Team:MIT summary

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<ul>
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                         <li><a href="http://2010.igem.org/Team:MIT_toggle">Overview</a></li>
                         <li><a href="http://2010.igem.org/Team:MIT_toggle">Overview</a></li>
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                        <li><a href="http://2010.igem.org/Team:MIT_tmodel">Modelling</a></li>
<li><a href="http://2010.igem.org/Team:MIT_tconst">Toggle Construction</a></li>
<li><a href="http://2010.igem.org/Team:MIT_tconst">Toggle Construction</a></li>
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<li><a href="#">Characterization</a></li>
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<li><a href="http://2010.igem.org/Team:MIT_tchara">Characterization</a></li>
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<div class="bodybaby">summary</div></td>
<div class="bodybaby">summary</div></td>
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<img style="float: left; padding: 10px" src="http://2010.igem.org/wiki/images/0/02/Overview-illustration_03.png" width=600px><br>
Living materials are powerful organic tools; they’re defined by their ability to adapt, to grow, to respond. Your skeleton becomes denser in regions of higher pressure; imagine a skyscraper or a bridge built of material with same capabilites!! <br><br>
Living materials are powerful organic tools; they’re defined by their ability to adapt, to grow, to respond. Your skeleton becomes denser in regions of higher pressure; imagine a skyscraper or a bridge built of material with same capabilites!! <br><br>
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<b>So what have we accomplished towards these goals?</b><br>
<b>So what have we accomplished towards these goals?</b><br>
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<ul><li> We have a working synthetic circuit, capable of sensing radiation in bacterial cells, one that we’ve tinkered with  to minimize cell death.</li>
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<ul><li> We have a working synthetic circuit, capable of sensing radiation in bacterial cells, one that we’ve tinkered with  to minimize cell death.
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<li>We’ve infected bacteria with modified phage to create ‘hairy’ cells; we’ve added pairs of linkers to phage proteins, that could allow them to polymerize.</li>
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<img style="float: left; padding: 10px" src="http://2010.igem.org/wiki/images/1/18/Screen_shot_2010-10-27_at_11.43.36_AM.png" width=600px>
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</li>
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<li>We’ve infected bacteria with modified phage to create ‘hairy’ cells, and we’ve added pairs of linkers to phage proteins (via genetic fusion) that could allow them to polymerize.</li>
<li>In the mammalian system, we have cloned mechano-sensitive promoters and tested them in microfluidic devices.</li>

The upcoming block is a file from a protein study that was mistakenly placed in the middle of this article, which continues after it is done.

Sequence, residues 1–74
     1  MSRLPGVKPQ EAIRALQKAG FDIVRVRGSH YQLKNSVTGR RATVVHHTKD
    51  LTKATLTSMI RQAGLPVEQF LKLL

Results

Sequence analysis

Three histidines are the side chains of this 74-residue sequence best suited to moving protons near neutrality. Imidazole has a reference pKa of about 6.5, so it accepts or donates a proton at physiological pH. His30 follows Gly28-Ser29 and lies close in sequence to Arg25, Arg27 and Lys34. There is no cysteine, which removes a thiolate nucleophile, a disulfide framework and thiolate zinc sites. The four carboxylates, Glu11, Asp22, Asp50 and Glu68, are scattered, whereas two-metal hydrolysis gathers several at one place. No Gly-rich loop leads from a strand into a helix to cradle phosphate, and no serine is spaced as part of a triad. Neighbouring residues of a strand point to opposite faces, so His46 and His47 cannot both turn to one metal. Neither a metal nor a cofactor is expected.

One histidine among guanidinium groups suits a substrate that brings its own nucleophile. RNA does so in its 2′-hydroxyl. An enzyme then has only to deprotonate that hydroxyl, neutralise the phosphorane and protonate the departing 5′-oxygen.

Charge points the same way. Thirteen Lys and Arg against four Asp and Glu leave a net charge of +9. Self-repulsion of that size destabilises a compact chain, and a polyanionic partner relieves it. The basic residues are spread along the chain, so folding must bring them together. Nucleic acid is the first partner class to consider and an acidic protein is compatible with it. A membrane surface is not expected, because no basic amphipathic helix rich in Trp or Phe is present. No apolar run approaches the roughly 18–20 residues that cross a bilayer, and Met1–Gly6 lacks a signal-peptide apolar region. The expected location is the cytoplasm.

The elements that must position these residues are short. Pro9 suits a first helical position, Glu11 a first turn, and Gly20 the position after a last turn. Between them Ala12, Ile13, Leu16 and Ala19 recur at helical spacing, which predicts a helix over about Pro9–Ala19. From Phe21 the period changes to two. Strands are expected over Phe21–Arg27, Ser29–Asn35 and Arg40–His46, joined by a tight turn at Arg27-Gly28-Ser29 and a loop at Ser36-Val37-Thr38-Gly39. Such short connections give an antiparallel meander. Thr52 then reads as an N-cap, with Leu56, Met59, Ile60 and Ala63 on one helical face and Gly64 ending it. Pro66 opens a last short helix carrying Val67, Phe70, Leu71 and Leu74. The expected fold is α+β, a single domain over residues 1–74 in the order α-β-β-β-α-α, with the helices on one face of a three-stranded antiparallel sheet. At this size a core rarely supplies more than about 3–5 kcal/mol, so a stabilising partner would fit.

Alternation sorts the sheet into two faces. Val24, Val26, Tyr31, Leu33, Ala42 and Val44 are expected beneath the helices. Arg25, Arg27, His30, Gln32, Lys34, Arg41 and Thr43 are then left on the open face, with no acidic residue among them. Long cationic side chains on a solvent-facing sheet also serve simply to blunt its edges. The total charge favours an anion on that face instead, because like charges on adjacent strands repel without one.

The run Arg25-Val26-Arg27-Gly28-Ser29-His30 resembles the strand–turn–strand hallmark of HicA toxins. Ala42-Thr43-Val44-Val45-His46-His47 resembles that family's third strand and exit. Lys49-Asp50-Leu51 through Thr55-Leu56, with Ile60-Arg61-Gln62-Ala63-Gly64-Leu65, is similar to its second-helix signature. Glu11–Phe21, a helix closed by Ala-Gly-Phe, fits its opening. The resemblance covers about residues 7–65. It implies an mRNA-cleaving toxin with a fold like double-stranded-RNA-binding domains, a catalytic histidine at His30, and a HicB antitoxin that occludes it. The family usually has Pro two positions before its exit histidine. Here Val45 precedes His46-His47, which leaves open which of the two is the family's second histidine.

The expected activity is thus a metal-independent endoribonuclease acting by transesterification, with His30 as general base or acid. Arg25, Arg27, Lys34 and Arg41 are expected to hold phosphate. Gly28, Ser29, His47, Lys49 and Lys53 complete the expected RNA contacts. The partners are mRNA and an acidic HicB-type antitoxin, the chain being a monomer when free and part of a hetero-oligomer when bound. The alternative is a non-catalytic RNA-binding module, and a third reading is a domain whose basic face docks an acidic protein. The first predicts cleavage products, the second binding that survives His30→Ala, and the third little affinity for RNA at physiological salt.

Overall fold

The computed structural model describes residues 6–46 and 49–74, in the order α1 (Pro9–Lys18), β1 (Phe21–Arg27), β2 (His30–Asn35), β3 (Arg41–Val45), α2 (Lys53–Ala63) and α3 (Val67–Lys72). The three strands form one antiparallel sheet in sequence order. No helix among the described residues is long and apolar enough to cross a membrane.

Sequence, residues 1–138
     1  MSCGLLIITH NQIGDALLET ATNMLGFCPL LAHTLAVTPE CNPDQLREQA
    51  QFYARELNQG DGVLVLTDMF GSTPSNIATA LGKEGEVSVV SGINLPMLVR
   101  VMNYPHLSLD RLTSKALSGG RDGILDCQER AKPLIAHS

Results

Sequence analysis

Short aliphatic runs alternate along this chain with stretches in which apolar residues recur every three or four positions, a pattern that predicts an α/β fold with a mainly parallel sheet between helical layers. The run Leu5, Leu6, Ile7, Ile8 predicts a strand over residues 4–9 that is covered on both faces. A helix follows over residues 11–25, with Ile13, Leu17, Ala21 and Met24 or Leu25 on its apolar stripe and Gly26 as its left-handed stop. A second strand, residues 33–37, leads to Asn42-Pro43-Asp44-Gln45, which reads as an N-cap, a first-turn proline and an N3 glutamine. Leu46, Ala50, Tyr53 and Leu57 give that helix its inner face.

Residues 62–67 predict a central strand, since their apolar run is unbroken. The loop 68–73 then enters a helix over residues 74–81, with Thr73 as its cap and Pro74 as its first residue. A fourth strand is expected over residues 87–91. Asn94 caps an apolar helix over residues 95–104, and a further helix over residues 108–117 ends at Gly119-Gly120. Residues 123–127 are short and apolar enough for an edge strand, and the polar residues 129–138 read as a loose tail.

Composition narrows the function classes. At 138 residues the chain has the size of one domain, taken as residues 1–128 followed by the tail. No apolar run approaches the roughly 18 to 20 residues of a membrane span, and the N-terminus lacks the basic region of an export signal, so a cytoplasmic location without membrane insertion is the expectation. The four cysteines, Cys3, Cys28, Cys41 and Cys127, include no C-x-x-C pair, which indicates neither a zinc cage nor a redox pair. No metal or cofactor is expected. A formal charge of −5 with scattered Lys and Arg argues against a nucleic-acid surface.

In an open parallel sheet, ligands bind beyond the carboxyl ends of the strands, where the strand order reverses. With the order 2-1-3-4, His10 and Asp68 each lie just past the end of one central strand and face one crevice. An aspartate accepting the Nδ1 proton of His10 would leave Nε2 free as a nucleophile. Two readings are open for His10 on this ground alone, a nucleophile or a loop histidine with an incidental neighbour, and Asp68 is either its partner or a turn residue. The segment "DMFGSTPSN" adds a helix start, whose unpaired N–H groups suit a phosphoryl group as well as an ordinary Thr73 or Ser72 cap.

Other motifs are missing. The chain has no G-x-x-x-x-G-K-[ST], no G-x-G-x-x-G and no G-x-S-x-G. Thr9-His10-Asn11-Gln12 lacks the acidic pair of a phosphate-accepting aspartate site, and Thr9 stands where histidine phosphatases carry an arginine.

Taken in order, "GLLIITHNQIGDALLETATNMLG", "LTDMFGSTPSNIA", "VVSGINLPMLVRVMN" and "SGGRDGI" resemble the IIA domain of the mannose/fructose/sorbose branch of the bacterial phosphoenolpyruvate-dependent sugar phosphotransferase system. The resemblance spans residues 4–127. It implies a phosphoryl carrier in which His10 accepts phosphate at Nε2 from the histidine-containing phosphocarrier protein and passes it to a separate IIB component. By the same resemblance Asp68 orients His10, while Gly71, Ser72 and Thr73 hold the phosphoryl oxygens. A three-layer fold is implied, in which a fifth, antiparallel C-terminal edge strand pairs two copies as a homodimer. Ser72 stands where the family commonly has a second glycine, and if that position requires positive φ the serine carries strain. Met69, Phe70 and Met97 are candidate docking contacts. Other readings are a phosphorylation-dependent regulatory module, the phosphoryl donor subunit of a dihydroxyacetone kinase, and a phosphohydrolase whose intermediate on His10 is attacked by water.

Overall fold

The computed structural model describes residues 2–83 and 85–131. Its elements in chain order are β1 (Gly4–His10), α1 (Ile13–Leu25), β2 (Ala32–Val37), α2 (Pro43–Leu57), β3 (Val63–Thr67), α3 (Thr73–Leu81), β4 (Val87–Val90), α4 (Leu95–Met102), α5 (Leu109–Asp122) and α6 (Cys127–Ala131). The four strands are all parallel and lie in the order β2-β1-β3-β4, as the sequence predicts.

<li>In the mammalian system, we have cloned mechano-sensitive promoters and tested them in microfluidic devices.</li>
<li>We’ve induced stem cells to differentiate into bone.<br>
<li>We’ve induced stem cells to differentiate into bone.<br>
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<img style="float: left; padding: 10px" src="http://2010.igem.org/wiki/images/1/13/MammalianAnimation.gif" width = 550px></li><br>
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<img style="float: left; padding: 10px" src="http://2010.igem.org/wiki/images/1/19/MammalianMaterial2.gif" width = 600px></li><br>
<li>We have a working synthetic circuit, capable of turning a small sensory pulse into a long term differentiation program. </li></ul><br>
<li>We have a working synthetic circuit, capable of turning a small sensory pulse into a long term differentiation program. </li></ul><br>

Latest revision as of 22:45, 27 October 2010

summary


Living materials are powerful organic tools; they’re defined by their ability to adapt, to grow, to respond. Your skeleton becomes denser in regions of higher pressure; imagine a skyscraper or a bridge built of material with same capabilites!!

When summer began, we imagined creating tiny biomaterial factories. We wanted to touch a plate of cells and watch them turn to bone. We envisioned a bacterial colony, sensing a pattern of radiation and synthesizing a 3D biomaterial composed only of interlinked particles of virus.

So what have we accomplished towards these goals?
  • We have a working synthetic circuit, capable of sensing radiation in bacterial cells, one that we’ve tinkered with to minimize cell death.
  • We’ve infected bacteria with modified phage to create ‘hairy’ cells, and we’ve added pairs of linkers to phage proteins (via genetic fusion) that could allow them to polymerize.
  • In the mammalian system, we have cloned mechano-sensitive promoters and tested them in microfluidic devices.
  • We’ve induced stem cells to differentiate into bone.

  • We have a working synthetic circuit, capable of turning a small sensory pulse into a long term differentiation program.

This project is just the beginning; we’ve created the groundwork for a toolkit that anybody can use, one that will allow us to link sensory input to biomaterial creation. The system that we’ve built is meant to be expanded on, and our results can act as the basis for future exploration into of world of 3D organic material creation.